broader terms, this is a drip glaze, and it’s been used for a long time.
In American art pottery, drip glazes are probably best known on Fulper
Pottery or some Roseville lines, such as Carnelian. Excellent drip
glazes were also done by Belgian and French potteries in the early 20th
century. On these earlier versions, there is little or no difference
in the thicknesses of the top and bottom glazes, so one type of fat lava
glaze is a drip glaze, but it’s only fat lava if one of the glazes
involved is “thick” enough.
Color is in no way involved in whether or not a glaze should be
called fat lava. There are many fiery orange and red glazes on mid
century German pottery, often suggesting the color of hot lava. Some of
these glazes have a flowing or drip quality as well, but it remains
thickness that’s a defining characteristic. If it’s not “fat”, it’s not
On the other hand, there are many “fat” glazes in colors that look
nothing like lava, hot or cold. If we start using color as a
distinguishing characteristic, then we have to start coming up with so
many different names that communication becomes even more difficult
than usual. So we’re better off calling a thick, flowing white glaze
fat lava even when it doesn’t quite make sense in some respects. Like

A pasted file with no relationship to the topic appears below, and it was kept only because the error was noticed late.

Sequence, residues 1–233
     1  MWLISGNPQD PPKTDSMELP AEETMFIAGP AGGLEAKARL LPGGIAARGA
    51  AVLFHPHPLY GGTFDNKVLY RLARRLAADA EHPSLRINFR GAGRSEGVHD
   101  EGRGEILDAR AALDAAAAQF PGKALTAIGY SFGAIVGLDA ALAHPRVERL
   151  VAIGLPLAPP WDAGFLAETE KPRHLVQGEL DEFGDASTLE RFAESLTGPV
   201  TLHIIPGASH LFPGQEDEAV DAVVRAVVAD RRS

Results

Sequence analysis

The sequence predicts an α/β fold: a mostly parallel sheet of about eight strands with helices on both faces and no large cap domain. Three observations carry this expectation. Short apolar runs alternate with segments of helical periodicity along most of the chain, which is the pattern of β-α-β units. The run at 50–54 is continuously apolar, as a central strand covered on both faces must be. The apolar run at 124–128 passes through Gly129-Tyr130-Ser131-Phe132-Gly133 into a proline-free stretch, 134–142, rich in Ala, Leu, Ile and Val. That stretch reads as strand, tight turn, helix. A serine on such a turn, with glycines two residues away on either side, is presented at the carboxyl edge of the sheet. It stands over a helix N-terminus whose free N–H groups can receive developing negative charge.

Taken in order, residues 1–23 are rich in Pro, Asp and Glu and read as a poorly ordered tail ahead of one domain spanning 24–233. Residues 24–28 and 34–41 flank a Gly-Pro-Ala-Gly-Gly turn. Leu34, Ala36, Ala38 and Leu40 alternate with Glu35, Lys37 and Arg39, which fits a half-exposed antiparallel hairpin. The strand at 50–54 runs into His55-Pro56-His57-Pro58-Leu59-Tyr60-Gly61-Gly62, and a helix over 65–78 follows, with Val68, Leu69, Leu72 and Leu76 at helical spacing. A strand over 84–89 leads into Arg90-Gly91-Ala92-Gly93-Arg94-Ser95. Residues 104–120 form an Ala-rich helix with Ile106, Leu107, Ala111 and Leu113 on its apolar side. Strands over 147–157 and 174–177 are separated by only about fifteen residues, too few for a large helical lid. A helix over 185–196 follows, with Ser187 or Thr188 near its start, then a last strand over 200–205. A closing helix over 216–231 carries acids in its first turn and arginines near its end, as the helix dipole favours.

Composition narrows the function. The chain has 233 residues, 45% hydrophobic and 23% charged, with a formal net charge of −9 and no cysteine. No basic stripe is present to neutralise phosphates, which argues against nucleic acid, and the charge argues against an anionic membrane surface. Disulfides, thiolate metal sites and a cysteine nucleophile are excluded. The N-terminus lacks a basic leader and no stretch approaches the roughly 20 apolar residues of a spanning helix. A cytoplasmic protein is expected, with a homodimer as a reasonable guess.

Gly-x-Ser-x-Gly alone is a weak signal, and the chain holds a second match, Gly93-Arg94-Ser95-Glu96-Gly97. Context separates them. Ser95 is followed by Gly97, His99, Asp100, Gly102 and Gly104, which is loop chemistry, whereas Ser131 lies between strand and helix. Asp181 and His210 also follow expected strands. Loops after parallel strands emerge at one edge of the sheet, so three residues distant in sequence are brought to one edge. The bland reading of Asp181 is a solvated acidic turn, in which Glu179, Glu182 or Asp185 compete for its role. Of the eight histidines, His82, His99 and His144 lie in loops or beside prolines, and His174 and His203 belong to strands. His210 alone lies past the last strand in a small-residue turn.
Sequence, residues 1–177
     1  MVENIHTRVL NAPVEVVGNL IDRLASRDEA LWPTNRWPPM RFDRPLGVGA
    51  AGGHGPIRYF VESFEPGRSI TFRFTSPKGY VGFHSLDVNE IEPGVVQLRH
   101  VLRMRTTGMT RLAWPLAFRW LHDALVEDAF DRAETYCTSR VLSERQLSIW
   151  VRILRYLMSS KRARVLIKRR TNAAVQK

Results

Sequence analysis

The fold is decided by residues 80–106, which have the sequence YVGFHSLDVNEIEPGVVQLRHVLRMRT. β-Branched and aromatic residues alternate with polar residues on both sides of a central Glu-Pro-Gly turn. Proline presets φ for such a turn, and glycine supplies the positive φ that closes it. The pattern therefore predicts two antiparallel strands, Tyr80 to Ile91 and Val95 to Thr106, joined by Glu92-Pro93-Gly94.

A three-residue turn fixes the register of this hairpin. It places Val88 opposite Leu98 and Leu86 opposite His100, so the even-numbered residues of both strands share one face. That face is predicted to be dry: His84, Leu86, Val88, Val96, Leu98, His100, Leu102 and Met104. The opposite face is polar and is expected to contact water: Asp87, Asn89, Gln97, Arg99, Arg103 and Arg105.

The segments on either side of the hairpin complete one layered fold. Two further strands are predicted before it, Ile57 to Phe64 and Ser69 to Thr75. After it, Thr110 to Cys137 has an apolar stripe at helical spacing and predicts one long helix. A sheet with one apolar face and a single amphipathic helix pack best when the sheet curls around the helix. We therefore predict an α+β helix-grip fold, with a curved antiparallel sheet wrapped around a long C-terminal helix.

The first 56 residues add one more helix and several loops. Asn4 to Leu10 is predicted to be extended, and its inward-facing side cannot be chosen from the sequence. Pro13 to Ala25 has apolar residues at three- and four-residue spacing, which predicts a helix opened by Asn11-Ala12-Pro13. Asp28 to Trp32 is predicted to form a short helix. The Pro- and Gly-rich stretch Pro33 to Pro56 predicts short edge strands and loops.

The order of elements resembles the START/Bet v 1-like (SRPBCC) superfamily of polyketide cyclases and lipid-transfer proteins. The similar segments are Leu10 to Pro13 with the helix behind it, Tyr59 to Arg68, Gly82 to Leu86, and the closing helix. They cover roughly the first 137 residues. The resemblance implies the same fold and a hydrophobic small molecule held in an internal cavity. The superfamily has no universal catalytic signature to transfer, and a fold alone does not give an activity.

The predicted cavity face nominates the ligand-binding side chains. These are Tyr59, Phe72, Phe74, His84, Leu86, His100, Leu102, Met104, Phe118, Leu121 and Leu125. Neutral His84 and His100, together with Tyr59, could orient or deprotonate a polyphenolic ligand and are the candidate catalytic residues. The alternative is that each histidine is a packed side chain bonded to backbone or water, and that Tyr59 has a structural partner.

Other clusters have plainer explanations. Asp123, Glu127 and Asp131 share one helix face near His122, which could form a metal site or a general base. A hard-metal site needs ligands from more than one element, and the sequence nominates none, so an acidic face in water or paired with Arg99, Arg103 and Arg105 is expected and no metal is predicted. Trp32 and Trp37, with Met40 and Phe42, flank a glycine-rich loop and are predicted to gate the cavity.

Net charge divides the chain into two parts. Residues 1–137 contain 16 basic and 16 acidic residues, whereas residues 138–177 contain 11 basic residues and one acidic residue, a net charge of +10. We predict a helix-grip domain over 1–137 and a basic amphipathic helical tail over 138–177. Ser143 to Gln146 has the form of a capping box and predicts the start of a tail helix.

so many things, language is based on compromise.
proper use of certain ingredients can cause controlled (somewhat)
gaseous explosions in the glaze, producing holes of different types.
These are called volcanic glazes. One of the best known creators of
volcanic glazes is Otto Natzler, who came to the US from Austria with
his wife Gertrud in 1938. By coming to the US, Natzler was able to
continue his glaze experiments at a time when all art was increasing
repressed in Germany. As a result of that repression and the war, it
was about 1965 before German companies began producing volcanic glazes.
Many of the mid century German volcanic glazes are also quite thick,
but it’s also possible to make fairly thin volcanic glazes (which
describes most of the Natzler glazes). So a volcanic glaze will always
be visually suggestive of lava (or the moon), but not all volcanic
glazes are fat. The texture of a volcanic glaze can also vary with
large or small craters and sharp or smooth edges. Gramann(Töpferei
Römhild) made some of the best, flowing fat lava glazes, but they also
made many volcanic glazes that are relatively thin with small, tightly
of the most common uses of volcanic glazes is actually in applied
designs, usually with a fairly fine, pumice-like glaze. However, even
though these designs are thicker than the primary glaze, the difference
is often not very extreme, so whether or not these qualify as fat is
variable. Still, since there’s no point in trying to establish a
precise measurement for at what point a glaze becomes “fat”, most of
them can probably be called fat lava. Indeed many or most of the items
in the first Fat Lava exhibition and catalog were simply fat lava
“detailed” with only a small part of the surface covered in the namesake
glaze. I expect that we’ll eventually establish a sub-category for
Volcanic glazes often have little or no “flow” to them, but given the
texture a thick volcanic glaze should certainly qualify as fat lava. In
fact, the fat lava volcanic glazes probably significantly outnumber the
fat lava drip glazes, and the volcanic is probably the more accurate
term, while fat lava happens to be more fun.